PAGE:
it) and even pathogens (disease-causing organisms) might also be included in this category.
Components of Predation:
1. All stages of the life cycles of predator and prey species
2. Many specialized food-obtaining mechanisms, and
3. Specific prey-predator adaptations that either resist or encourage predation.
Predation in life cycles:
Planktons - floating community such as eggs of crustaceans, mollusks and worms
Planktonic animals feed upon each other and food for successively larger carnivores including small fish
As prey species mature, their predators change. Example frogs are carnivores while tadpoles are herbivores.
Predators prey most successfully on the slowest, weakest and least fit members of their target population, thus
allowing successful traits to become dominant in the prey population and actually benefiting the prey species.
For example, when wolves and mountain lions were present, the deer were healthier and in better balance with
their environment than after these predators were removed. Without predators, the deer overpopulated the
area, exhausted their food supply and starved to death.
Competition
Competition is another kind of antagonistic relationship within a community.
Organisms compete for what:
Energy and matter in usable form
Space, e.g. Plants compete for growing space for root and shoot systems
Specific sites for life activities
Two Types of competition:
a) Intraspecific competition - competition among members of the same specific
b) Interspecific competition - competition between members of different species
Examples:
1. Many weeds attempt to crowd out their rivals by producing immense numbers of seeds. After the seeds
germinate, the plants race to grow the tallest, cover the most ground and get the most sun. Vines don't build
heavy stems of their own; they simply climb up over their neighbors to get to the light.
2. Birds always eat fruits and berries just before they are ripe enough for people to pick. Having tolerance for
bitter, unripe fruit gives them an advantage in the race of food resources.
3. Some plants secrete leaf or root exudates that inhibit the growth of seedlings near them including their own
and those of other species.
4. Robins chase other robins during the mating and nesting season. Territoriality is an intense form of
intraspecific competition in which organisms define an area surrounding their home site or nesting site and
defend it, primarily against other members of their own species.
Symbiosis
Symbiosis is the intimate living together of members of two or more species.

Commensalism
Commensalism is a type of symbiosis in which one member clearly benefits and the other apparently is
neither benefited nor harmed.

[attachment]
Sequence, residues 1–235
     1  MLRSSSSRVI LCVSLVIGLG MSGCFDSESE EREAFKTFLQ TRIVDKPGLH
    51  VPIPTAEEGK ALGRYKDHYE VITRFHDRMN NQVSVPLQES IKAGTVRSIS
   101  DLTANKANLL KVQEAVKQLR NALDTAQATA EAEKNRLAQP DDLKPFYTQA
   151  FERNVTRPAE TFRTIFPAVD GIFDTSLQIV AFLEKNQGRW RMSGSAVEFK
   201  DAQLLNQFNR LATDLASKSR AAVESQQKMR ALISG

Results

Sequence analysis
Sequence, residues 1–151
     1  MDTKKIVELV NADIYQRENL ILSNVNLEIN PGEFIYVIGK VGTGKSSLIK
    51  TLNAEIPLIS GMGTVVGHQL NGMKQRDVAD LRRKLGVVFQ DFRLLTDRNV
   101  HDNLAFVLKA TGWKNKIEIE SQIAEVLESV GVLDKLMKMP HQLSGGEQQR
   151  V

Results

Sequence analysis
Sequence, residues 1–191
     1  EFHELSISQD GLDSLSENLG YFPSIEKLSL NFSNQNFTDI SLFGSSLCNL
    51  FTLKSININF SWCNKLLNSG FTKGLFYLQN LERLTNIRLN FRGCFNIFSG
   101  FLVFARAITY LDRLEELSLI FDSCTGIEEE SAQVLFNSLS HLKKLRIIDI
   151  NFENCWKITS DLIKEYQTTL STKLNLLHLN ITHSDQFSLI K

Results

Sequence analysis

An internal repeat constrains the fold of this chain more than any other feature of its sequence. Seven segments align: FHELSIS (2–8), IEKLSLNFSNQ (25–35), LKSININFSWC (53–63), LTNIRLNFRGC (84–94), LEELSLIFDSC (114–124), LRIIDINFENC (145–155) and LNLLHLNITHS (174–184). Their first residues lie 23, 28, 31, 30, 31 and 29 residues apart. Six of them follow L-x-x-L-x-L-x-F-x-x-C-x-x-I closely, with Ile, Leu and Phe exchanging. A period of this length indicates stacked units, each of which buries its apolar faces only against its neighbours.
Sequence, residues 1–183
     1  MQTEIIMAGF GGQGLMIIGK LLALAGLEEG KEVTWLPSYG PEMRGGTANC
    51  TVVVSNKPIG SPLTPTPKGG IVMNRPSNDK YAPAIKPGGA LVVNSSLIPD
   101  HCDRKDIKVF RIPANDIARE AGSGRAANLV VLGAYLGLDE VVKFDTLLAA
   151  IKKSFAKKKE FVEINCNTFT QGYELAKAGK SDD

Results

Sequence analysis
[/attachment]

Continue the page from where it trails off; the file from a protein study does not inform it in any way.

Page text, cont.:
Example: cattle and cattle egrets are good example of commensals, as are many of the mosses, bromeliads
and other plants growing on trees in the moist tropics.
Mutualism
Mutualism is a type of symbiosis in which both members of the partnership benefits.
Parasitism
Parasitism is a form of predation and a type of symbiosis where one species benefits and the other is
harmed.
COMMUNITY PROPERTIES
1. Productivity
A community's productivity is measured as the rate of biomass production, an indication of the rate of
solar energy conversion to chemical energy.

Open Ocean
Coastal zone
Estuaries, coral reefs
Tropical Rainforest
Intensive Agriculture
Temperate Deciduous Forest
Coniferous forest
Grassland
Tundra
Desert

Tropical forests, coral reefs, and estuaries (bays or inundated river valleys where rivers meet the ocean)
have high levels of productivity because they have abundant supplies of all these resources.

In deserts, lack of water limits photosynthesis.

On the arctic tundra or high mountains, low temperatures inhibit plant growth.

In the open ocean, lack of nutrients reduces the ability of aquatic plants to make use of plentiful sunshine
and water.

Some agricultural crops such as corn and sugar cane grown under ideal conditions in the tropics approach
the productivity levels of tropical forests.

Marine ecosystems are much less productive, on the average, than terrestrial ecosystems because shallow
water ecosystems such as coral reefs, salt marshes, tidal mud flats and other highly productive aquatic
communities are relatively rare compared to the vast extent of open oceans - which are effectively biological
deserts.
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In photosynthesis: 25-75% of light reaching plants is reflected by leaf surfaces. Most of the light absorbed is